People have been complaining for ages. The bloated and confusingly arcane piece of software has been updated and repurposed and jerry-rigged to handle new tasks for the past 18 years, and one developer says it won’t live to see its 19th birthday.
It looks like Apple is finally about to kill iTunes and release separate apps for music, podcasts, and books. Rest in peace, iTunes, you digital dinosaur.
I wrote an obituary for iTunes four long years ago. That tome was pegged to the launch of Apple Music, a streaming service that replaced much of iTunes’ utility.
It’s worth pointing out that iTunes likely has hundreds of millions of users since it’s been the default way to listen to music on Apple computers since the application launched in 2001. And now, it looks like Apple might finally going to kill iTunes so that newer, more elegant apps can thrive.
Developer Steve Troughton-Smith recently said he’d found evidence that a new suite of media apps appeared to be in the works ahead of Apple’s annual World Wide Developer Conference in June. And quite conspicuously, it looks like the new apps do all the things that iTunes does.
Troughton-Smith added, “And yes, this means the much-discussed and long-awaited break up of iTunes. Finally!”
Now, this news is very thin. We’ve got a single developer saying he’s found evidence of three new apps that might replace iTunes, but he’s also saying that he doesn’t want to share the evidence. However, Troughton-Smith is a known Apple software sleuth.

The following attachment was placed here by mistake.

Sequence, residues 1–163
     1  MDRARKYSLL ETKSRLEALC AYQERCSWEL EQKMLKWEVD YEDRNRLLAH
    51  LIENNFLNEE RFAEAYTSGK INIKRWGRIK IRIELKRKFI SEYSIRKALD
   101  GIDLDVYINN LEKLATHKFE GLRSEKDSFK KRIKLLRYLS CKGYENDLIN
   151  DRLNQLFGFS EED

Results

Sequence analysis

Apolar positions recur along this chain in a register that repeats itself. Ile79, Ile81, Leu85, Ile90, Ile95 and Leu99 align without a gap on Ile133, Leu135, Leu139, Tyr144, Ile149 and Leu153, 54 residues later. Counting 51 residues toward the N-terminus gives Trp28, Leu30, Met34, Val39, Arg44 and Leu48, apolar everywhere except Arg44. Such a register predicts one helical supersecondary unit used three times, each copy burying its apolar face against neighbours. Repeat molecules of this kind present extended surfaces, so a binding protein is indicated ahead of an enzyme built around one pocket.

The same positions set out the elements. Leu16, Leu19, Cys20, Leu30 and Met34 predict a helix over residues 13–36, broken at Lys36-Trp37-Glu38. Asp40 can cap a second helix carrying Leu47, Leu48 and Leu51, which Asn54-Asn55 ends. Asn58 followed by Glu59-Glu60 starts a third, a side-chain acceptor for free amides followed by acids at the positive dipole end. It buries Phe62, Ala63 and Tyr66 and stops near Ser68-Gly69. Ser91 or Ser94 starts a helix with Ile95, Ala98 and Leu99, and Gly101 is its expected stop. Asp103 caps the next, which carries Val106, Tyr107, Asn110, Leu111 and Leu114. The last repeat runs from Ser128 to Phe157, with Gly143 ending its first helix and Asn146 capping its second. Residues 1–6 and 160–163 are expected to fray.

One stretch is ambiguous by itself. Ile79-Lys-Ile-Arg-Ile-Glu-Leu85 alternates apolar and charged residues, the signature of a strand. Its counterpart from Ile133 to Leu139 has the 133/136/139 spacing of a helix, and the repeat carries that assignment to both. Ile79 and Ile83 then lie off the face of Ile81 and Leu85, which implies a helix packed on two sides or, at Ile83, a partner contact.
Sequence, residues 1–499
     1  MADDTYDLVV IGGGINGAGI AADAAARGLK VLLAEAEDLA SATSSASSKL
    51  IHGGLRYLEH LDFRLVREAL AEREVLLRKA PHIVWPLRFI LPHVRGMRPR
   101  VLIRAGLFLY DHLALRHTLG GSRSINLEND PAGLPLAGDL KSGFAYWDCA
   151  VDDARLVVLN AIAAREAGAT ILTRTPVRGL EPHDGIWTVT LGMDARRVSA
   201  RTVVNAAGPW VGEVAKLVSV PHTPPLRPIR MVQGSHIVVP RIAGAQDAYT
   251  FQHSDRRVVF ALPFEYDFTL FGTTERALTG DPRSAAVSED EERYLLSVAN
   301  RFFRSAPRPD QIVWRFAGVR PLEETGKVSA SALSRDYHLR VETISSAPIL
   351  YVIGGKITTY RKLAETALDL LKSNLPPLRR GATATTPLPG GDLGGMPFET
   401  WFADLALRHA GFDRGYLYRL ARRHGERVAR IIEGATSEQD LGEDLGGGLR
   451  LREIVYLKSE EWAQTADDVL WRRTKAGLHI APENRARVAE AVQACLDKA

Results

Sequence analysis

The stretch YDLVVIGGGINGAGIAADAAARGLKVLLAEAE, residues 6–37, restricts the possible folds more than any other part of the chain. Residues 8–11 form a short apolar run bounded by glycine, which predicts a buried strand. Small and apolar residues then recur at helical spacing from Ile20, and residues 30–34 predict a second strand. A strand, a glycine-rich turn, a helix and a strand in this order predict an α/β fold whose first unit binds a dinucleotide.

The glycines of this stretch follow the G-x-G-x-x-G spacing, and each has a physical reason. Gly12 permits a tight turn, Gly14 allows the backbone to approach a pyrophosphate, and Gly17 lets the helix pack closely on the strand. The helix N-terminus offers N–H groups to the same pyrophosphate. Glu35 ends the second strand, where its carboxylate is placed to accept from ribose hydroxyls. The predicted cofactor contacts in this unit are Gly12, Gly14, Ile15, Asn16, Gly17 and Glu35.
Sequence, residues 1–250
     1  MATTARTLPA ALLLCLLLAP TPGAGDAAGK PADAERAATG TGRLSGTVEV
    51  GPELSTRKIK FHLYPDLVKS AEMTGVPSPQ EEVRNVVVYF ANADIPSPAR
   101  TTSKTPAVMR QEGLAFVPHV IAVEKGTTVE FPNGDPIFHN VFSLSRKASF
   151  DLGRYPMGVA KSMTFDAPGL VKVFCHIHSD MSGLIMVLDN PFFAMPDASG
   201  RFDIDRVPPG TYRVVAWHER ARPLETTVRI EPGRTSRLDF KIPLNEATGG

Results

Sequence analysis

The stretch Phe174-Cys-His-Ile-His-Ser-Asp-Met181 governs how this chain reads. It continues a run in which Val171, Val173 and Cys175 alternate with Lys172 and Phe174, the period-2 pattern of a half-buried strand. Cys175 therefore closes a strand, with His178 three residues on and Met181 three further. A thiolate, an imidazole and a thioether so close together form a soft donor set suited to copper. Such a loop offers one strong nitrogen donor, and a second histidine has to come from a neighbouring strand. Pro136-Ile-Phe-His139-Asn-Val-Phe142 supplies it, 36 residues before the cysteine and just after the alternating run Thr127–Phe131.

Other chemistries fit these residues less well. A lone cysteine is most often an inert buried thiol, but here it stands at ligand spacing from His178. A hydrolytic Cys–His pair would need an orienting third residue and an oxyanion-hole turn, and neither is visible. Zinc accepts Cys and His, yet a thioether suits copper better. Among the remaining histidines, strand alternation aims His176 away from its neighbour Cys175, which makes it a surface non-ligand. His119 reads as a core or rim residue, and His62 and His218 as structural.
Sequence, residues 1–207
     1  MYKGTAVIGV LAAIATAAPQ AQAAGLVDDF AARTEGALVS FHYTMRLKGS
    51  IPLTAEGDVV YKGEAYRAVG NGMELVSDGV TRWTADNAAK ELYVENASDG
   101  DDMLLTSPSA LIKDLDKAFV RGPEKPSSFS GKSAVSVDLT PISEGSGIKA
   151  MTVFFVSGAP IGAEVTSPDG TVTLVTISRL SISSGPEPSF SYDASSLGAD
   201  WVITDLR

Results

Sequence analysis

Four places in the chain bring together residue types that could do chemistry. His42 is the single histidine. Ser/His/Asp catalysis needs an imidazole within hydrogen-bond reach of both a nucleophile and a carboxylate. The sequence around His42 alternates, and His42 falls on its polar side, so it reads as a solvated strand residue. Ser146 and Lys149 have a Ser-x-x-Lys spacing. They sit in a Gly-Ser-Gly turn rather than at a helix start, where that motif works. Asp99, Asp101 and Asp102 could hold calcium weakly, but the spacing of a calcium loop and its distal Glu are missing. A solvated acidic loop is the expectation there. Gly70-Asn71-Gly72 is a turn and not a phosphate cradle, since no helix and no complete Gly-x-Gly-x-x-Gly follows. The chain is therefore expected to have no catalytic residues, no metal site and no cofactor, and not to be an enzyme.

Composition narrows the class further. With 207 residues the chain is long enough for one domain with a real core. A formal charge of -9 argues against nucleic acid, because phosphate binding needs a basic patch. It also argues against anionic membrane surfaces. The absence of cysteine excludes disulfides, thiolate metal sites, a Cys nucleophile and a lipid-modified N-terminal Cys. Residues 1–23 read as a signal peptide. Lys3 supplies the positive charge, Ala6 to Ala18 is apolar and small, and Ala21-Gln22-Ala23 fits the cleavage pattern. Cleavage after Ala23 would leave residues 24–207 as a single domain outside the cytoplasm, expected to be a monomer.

He was the guy that found an iPhone X icon in the firmware of the HomePod last year. Within a few weeks, it was confirmed that the iPhone X icon was legit, which means Troughton-Smith gave us our first pixelated look at Apple’s most significant iPhone overhaul in years.
But even if you trust Troughton-Smith’s prediction that Apple will release new Music, Podcasts, and Books apps, for all we know Apple will release new apps and keep iTunes around for shits and giggles.
I hope that doesn’t happen. It’s time for Apple to let iTunes die. One could argue that Apple should have let iTunes die back when it launched Apple Music, instead of letting it languish and confuse users for years.
Apple also could have prevented the app from becoming a bloated mess by breaking out new services into new apps as the company expanded its media offering. In the beginning, iTunes was just the player for music on your computer. When the iTunes Music Store came along, the app began to handle music purchases.